So, on May 31, the first BookCon happened.
Some background: BookExpo America is a yearly conference in NYC. Each year, thousands of publishers and authors and professionals gather in the Javits Center for this industry event. Over the last two years, BEA has experimented with allowing consumers onto the floor on the final day of the event.
This year was the first year they separated the events, cordoning off an area for consumers. This floor area became BookCon. There was a controversy surrounding this switch: some people (such as I) had already purchased tickets to Power Reader Day, which was scheduled to happen as usual. I was caught up in the uproar, and rightly so: I paid to go to BEA and was instead given tickets to a smaller experimental event.
I was angry, but I made the best of it. BookCon did not impress me with the celebrities they got to attend. In the beginning there were more movie stars than authors (and of course, very little diversity within the announced attendees). There were a few authors I wanted to see, but not too many.
When we got to the Javits Center (I also convinced my neighbor to come with me), there was a huge line for Autographing tickets. It stretched around the building. The ticket booth open at 9;00, but, to cut down the line, they opened early. We decided to skip it, and forgo the big ticketed authors (i.e. Cassandra Clare) and instead got in line to wait for the floor to open.
When the floor opened it was a mad house, everyone rushing this way and that. Immediately it was obvious the space for BookCon would not be able to hold everyone. The aisles were much too narrow, and the in-booth signings and giveaways clogged the pathways even further. It was chaos.
Besides that, many publishers gave out all their advance copies in the first ten minutes. This caused a panic with those who wanted to get those titles (lots of grabbing hands). I was reaching for Afterworlds, the upcoming novel by Scott Westerfeld, and someone slapped my hand out of the way. Then the booth ran out. So I didn’t get one. This basically set the tone for the whole day.
My neighbor and I split up, and I went to line up for Alexandra Bracken, author of The Darkest Minds trilogy, with my sister. We got there 15 minutes early, just in case, but we were turned away by a very rude BookCon employee. She yelled at the growing crowd to disperse, and threatened to refuse to let us get a book if we didn’t leave. The crowd kept getting bigger, and my sister and I made a few new friends that we waited in line with so we would have a group to stay with.
We ended up waiting in two separate lines, for over an hour. The entire time, BookCon employees herded us around like animals. My sister and I and new friend Sarah (Hey, Sarah!) were one of the last people to get a book. Alexandra Bracken was signing hardcover copies of her second book Never Fade. She was so young and pretty, and super nice. She couldn’t believe the crowds at all.
After that madness, we decided to get lunch. The cafeteria was insane. There was a big selection, but all the lines were ridiculous. We ended up splitting a sandwich. I then hustled off to the BookTuber Meetup, which was without a doubt the highlight of my day!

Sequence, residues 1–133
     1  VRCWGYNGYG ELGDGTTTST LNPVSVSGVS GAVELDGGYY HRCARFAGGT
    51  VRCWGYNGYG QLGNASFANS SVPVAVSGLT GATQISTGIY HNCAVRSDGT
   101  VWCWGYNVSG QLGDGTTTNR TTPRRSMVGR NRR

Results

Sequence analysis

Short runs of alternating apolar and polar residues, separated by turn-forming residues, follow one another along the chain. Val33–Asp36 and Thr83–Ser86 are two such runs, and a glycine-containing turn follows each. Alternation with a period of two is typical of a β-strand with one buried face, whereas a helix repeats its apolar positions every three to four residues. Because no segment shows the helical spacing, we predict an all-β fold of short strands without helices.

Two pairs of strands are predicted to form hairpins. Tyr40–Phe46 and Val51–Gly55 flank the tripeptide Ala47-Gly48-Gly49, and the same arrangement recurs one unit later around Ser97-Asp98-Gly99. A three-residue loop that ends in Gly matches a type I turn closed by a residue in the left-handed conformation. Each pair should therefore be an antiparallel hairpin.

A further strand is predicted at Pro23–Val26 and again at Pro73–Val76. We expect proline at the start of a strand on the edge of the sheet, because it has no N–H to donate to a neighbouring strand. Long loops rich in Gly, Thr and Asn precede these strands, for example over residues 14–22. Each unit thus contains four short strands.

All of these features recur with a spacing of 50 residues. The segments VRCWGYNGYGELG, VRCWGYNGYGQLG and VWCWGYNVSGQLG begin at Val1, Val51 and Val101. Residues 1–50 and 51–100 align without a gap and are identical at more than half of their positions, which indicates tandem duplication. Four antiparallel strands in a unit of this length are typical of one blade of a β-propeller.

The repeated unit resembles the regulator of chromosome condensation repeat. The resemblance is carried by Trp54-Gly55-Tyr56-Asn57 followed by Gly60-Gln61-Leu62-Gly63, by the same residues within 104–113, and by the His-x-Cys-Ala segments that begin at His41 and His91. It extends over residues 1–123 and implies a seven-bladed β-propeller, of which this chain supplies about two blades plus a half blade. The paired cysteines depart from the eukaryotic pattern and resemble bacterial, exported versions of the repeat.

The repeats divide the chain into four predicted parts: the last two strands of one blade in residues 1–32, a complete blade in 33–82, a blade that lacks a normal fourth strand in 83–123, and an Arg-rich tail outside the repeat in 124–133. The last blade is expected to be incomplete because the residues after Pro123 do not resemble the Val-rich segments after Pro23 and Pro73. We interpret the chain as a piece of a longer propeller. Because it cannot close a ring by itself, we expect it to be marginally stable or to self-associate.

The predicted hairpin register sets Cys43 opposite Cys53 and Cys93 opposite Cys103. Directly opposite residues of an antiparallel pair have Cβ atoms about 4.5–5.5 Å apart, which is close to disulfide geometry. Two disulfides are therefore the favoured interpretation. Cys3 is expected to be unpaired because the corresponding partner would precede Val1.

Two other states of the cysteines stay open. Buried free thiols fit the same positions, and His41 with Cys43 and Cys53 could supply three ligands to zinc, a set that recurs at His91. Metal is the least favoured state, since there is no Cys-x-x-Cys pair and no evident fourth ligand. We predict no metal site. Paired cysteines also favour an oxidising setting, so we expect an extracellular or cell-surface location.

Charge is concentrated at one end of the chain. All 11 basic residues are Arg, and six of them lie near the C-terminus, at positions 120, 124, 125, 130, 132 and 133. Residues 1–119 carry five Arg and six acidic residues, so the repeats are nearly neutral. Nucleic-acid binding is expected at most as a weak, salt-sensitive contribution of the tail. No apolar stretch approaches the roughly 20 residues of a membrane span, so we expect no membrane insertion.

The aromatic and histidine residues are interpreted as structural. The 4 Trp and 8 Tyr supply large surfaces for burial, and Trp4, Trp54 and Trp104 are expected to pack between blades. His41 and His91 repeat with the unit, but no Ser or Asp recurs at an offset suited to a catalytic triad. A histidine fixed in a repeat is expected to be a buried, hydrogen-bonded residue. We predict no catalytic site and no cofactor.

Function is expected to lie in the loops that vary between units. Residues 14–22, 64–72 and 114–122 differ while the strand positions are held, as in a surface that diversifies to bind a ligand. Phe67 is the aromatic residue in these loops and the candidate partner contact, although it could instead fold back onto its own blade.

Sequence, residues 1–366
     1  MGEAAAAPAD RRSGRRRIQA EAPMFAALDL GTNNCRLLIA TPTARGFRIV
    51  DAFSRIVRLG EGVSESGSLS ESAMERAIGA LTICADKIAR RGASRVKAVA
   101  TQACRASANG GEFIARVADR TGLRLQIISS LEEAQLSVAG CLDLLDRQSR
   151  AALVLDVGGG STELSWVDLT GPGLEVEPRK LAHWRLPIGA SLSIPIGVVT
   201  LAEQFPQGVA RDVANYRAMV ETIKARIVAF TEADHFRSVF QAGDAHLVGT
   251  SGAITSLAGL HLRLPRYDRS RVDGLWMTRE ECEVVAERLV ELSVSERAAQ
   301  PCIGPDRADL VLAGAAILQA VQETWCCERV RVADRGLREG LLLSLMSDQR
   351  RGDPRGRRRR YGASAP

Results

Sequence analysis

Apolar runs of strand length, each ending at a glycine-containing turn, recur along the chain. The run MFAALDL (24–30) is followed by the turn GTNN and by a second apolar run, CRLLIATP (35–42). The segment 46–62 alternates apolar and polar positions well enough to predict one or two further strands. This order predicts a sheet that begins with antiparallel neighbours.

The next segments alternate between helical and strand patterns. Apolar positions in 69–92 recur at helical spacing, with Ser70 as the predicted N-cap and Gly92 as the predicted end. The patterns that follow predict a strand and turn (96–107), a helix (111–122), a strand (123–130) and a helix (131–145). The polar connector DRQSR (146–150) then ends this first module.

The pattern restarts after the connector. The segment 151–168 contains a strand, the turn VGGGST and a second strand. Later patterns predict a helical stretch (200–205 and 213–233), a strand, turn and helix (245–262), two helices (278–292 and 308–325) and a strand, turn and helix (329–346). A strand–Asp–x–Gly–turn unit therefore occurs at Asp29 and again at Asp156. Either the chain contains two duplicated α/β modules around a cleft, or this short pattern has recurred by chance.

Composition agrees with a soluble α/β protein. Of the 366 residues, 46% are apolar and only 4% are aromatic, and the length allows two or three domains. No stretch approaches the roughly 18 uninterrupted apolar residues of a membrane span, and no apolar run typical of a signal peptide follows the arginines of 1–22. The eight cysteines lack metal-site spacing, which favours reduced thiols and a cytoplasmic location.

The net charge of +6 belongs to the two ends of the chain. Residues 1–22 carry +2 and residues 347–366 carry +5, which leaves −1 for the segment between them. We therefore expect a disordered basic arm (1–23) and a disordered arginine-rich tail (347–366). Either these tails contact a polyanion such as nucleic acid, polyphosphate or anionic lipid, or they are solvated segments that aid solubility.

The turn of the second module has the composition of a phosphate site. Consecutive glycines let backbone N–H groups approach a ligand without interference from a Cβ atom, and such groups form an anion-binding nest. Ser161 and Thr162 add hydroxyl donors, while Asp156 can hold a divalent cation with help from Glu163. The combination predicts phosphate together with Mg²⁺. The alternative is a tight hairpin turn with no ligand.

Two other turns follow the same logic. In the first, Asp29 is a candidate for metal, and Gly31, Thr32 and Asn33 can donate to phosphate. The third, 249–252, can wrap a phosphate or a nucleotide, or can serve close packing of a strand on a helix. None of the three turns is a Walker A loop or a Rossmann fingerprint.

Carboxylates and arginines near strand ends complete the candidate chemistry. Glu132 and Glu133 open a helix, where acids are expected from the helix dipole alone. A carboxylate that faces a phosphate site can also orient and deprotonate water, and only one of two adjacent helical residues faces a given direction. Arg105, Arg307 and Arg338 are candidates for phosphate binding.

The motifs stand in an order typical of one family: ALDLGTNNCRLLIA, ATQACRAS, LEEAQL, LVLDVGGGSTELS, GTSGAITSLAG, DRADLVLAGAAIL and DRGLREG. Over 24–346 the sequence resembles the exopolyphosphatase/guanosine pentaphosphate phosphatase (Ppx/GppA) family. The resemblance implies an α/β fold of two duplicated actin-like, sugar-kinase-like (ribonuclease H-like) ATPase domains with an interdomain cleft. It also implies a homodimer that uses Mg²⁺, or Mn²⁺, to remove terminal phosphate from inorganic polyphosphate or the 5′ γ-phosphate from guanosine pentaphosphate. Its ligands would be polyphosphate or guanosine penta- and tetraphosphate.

I’m just going to say it before it becomes painfully obvious: I am a very shy person. So when I walked into the crowd of BookTubers and fans, I was overwhelmed. I actually walked right into Heather’s (from Bookables) husband. She and I talked for a bit. She was so nice and personable.
I also saw Tiernan, from TheBookTuber, who was super tall. He and I talked a couple of times. I had a cool discussion with him and Bekah (Bekah AwesomeBookNut) for a while. I took lots of pictures, I promise.
I walked around for a bit, taking in all the fans and BookTubers interacting with each other. It was surreal. I loved being able to see these regular people in real life. All of them were so kind and just as frazzled as I was.
I waited to say hi to Jesse, from jessethereader. He was talking to Reagan (PeruseProject) and I didn’t want to interrupt. I got talking with this nice girl named Christina ( I remember because she gave me her business card), and together we introduced ourselves. He was so nice and I got a picture. I had quite the fangirl moment.
I caught a glimpse of Jeff and Jaime (Ermahgerd Berks), but I didn’t get the chance to say hi. Then I got to meet Kassidy Voinche, who I adore. She’s a wonderful hugger and I loved her dress. She was super funny and really, really sweet.
Here are the pictures from the Meetup:
After that, I walked around the floor a little bit more. I was disappointed. There were no books left. Some booths had books for “inspiration”, which meant you couldn’t take them or purchase them. It was frustrating. The crowds were still horrendous. I never got to talk to a publisher or representative, which was a priority of mine. I had hoped to make a few connections to industry professionals, but alas…
On a bit of an aside, I was waiting on line to go to the bathroom (which was a thirty minute wait) and I saw the “line” for the John Green panel scheduled to happen in two hours. There were so many people, and security guards were just yelling at everybody. It was a pit of madness. Look:
After that unfulfilling day, I went back home. It was a very quiet train ride. No one I was with was happy. BookCon was actually just a Con, there weren’t many books at all.
So, I don’t know if I’m going to attend BookCon next year. I’d like to give them the benefit of the doubt and say it’ll be better organized next year, but they have their work cut out for them. My goal is to get tickets to BookExpo America, and also check in on BookCon, but who knows?
Thanks for reading. Leave me a comment if you went to BookCon! Bye